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Medline ® Abstract for Reference 63

of 'Overview of neurologic complications of non-platinum cancer chemotherapy'

Intravenous paclitaxel administration in the rat induces a peripheral sensory neuropathy characterized by macrophage infiltration and injury to sensory neurons and their supporting cells.
Peters CM, Jimenez-Andrade JM, Jonas BM, Sevcik MA, Koewler NJ, Ghilardi JR, Wong GY, Mantyh PW
Exp Neurol. 2007 Jan;203(1):42-54. Epub 2006 Sep 26.
Paclitaxel-induced peripheral neuropathy (PN) can be a significant problem for patients receiving chemotherapeutic regimens for the treatment of breast, ovarian, and lung cancer as PN can influence the quality of life and survivorship in these patients. To begin to understand the cellular changes that occur within the peripheral and central nervous system as PN develops, we intravenously infused rats with clinically relevant doses of paclitaxel. Ten days later, behavioral changes indicative of PN became evident that included mechanical allodynia, cold hyperalgesia, and deficits in ambulation/coordination. These behaviors were accompanied by increased expression of activating transcription factor 3 (ATF3; a marker of cellular injury) in a population of large>medium>small diameter sensory neurons, a population of satellite cells in the lumbar dorsal root ganglia (DRG) and in myelinating Schwann cells in the sciatic nerve. In addition, there was an increase in the expression of glial fibrillary acidic protein (GFAP) in DRG satellite cells and an increase in the number of CD68 positive activated macrophages within the DRG and peripheral nerve. Within lamina III-IV of the lumbar spinal cord,there was an increase in OX42 positive microglia. These data suggest that intravenous infusion of paclitaxel induces a peripheral neuropathy characterized by injury of neuronal and non-neuronal cells in the peripheral nervous system, macrophage activation in both the DRG and peripheral nerve, and microglial activation within the spinal cord. An understanding of the factors involved in the development and maintenance of PN may lead to mechanism based therapies that prevent/treat PN and thus improve the survival and quality of life of patients receiving chemotherapy.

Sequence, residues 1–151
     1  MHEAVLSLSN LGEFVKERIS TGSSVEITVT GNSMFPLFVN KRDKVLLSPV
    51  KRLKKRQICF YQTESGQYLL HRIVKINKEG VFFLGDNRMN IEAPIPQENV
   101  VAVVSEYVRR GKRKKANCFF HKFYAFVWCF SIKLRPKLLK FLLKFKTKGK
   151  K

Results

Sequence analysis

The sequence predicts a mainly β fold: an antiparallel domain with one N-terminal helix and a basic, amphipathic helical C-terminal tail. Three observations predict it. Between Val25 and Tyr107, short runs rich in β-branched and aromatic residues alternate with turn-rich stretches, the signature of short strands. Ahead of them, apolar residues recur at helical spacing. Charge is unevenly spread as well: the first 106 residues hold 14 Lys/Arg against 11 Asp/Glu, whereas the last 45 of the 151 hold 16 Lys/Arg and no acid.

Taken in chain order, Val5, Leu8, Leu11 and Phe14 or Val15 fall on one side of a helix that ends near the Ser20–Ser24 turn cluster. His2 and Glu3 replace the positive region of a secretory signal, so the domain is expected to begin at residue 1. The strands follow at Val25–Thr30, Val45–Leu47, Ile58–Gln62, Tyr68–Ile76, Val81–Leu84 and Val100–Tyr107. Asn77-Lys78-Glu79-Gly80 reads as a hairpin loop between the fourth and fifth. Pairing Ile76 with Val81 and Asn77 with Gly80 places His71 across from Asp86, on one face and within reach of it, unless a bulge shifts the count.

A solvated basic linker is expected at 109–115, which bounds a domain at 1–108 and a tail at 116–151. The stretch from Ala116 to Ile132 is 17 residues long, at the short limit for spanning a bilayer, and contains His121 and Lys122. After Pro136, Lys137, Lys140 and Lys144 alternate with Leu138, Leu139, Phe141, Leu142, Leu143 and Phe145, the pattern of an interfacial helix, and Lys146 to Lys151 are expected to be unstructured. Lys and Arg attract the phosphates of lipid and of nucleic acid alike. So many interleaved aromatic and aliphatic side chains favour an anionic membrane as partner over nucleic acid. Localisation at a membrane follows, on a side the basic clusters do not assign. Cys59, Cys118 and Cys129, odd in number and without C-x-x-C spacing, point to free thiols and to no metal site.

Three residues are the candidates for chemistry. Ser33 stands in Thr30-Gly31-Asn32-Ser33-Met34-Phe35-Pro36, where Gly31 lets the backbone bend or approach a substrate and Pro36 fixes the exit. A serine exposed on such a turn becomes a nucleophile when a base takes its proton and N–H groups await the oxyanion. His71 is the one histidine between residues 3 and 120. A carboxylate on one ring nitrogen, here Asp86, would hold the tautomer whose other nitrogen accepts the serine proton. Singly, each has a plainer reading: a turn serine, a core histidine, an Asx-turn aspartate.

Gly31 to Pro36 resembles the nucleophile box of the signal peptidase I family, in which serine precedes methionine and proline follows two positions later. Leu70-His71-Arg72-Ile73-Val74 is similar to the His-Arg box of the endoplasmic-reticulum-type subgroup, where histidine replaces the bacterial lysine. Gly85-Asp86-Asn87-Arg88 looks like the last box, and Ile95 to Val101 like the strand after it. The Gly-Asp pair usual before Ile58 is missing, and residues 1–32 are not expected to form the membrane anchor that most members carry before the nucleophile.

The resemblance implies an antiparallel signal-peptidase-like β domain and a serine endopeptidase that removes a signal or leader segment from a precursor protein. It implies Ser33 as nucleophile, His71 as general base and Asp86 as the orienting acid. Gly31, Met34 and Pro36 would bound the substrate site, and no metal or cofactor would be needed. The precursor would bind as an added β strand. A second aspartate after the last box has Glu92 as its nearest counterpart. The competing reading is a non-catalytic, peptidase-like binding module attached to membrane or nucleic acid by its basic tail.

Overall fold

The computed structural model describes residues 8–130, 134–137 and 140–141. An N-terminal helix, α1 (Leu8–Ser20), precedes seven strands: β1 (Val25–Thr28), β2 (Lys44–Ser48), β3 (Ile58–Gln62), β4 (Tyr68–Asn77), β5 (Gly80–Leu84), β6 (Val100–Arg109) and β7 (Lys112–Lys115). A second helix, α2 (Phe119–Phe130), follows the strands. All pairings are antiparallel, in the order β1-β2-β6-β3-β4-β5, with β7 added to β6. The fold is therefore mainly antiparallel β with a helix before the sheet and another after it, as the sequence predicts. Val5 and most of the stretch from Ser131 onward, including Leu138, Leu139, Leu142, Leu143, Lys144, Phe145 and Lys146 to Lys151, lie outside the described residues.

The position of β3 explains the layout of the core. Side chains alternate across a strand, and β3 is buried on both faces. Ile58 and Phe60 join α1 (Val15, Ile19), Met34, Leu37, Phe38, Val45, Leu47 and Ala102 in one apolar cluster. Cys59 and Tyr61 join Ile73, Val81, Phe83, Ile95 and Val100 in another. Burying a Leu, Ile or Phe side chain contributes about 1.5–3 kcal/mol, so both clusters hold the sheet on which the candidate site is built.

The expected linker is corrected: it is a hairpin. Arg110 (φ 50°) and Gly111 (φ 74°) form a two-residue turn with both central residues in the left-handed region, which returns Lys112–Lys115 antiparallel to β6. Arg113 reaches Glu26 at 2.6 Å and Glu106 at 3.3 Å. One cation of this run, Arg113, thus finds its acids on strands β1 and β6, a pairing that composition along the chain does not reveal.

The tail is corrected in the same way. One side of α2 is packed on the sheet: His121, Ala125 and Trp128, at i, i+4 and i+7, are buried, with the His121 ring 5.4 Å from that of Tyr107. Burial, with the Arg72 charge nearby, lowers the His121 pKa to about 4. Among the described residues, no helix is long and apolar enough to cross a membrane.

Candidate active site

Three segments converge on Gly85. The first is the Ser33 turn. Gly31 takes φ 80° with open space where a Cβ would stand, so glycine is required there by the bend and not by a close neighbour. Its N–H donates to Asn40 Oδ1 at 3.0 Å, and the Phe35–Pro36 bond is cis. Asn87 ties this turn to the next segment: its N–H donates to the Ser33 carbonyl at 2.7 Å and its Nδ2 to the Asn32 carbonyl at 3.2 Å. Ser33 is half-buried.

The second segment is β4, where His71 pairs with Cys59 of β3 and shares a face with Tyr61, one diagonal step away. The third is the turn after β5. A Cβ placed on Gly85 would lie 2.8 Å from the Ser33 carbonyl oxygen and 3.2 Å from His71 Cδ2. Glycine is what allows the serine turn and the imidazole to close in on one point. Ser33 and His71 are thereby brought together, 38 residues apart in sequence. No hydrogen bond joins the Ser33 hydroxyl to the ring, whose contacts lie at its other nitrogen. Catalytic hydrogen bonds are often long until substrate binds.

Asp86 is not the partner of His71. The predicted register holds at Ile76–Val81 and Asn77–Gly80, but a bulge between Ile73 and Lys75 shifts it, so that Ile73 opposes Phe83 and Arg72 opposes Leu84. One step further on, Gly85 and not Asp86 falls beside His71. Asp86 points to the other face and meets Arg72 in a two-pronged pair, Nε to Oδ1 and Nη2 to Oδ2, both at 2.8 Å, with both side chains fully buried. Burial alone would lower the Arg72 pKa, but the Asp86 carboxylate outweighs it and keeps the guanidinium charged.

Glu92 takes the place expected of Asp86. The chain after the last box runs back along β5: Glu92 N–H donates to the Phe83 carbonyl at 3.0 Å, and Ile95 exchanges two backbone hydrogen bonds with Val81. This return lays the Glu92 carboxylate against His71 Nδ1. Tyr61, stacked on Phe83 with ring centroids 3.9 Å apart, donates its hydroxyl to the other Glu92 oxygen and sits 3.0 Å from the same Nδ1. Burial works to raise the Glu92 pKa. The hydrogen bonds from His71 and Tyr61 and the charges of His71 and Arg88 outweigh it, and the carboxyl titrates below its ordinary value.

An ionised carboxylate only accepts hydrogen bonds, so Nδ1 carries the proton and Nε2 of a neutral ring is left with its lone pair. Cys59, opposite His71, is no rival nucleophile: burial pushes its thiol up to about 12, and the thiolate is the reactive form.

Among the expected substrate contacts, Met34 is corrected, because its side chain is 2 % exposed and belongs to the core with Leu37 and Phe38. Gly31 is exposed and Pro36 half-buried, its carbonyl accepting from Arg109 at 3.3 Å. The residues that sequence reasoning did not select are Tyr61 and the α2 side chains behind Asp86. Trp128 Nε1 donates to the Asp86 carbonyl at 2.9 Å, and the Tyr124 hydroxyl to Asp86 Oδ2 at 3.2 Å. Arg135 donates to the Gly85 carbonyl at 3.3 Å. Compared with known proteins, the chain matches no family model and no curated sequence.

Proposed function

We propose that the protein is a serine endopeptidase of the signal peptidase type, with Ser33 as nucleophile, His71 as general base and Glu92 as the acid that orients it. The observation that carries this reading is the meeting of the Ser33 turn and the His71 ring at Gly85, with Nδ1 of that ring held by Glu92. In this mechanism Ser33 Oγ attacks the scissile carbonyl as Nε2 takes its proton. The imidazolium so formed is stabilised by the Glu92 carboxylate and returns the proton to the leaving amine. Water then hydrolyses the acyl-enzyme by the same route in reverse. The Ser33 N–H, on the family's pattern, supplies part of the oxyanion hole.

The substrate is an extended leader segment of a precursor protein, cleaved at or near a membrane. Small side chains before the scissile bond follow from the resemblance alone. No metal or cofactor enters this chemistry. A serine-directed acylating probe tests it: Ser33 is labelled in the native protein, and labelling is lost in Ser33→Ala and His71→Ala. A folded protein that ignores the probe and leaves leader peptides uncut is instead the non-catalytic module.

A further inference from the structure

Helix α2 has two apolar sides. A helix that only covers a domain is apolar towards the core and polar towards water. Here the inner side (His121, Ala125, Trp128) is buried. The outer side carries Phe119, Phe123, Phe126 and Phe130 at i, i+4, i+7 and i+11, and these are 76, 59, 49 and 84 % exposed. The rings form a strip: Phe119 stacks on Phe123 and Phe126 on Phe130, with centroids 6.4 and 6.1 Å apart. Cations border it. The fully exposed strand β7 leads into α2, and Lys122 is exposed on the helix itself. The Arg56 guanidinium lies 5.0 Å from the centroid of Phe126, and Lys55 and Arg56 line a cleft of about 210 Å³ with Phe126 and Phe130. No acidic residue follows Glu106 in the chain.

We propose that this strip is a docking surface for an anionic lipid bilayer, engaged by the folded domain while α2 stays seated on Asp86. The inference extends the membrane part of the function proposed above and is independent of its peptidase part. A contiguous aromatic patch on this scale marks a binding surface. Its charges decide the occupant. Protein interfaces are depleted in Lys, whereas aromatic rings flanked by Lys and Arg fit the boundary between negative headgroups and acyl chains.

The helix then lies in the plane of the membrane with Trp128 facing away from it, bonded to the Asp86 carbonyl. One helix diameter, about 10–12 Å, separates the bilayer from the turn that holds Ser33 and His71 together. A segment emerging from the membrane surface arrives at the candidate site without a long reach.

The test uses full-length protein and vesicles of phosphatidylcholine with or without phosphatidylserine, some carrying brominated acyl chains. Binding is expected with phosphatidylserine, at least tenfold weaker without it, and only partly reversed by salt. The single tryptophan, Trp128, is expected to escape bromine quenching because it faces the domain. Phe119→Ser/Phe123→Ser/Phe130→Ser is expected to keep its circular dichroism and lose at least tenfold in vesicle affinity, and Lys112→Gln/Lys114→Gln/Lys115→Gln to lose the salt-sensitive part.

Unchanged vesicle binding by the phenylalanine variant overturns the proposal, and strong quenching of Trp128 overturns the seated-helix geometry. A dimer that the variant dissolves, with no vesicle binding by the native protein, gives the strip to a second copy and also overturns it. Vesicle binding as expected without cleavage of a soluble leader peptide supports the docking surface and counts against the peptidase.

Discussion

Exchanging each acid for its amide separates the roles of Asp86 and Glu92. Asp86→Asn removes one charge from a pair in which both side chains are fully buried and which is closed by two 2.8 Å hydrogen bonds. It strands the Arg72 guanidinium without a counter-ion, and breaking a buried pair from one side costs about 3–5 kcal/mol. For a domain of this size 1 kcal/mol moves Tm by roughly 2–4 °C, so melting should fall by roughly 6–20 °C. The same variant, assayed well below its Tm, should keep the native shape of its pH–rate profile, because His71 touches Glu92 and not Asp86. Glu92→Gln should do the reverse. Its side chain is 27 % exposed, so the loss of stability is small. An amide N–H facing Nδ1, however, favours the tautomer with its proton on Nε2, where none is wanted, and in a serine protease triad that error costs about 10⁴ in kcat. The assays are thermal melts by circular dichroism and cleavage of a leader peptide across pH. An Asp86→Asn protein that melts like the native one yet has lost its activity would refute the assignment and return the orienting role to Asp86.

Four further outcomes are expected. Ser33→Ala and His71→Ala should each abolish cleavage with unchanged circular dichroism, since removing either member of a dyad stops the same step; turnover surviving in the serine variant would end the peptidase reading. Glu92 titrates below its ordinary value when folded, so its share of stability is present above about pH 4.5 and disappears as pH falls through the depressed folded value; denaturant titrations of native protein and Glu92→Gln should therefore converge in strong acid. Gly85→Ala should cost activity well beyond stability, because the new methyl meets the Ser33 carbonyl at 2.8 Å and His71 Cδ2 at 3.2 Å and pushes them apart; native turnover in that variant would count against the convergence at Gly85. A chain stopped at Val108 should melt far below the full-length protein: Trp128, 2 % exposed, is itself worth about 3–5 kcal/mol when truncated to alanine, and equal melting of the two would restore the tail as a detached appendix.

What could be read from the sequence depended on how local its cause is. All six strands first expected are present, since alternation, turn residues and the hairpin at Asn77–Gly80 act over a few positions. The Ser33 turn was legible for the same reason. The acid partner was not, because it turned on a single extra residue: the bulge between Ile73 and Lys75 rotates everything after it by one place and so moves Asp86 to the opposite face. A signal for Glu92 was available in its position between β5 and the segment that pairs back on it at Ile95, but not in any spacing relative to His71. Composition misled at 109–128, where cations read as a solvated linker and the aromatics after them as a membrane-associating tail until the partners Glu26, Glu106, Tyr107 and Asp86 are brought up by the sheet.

Departments of Diagnostic and Biological Sciences, Neuroscience, Psychiatry, Cancer Center, University of Minnesota, Minneapolis, MN 55455, USA.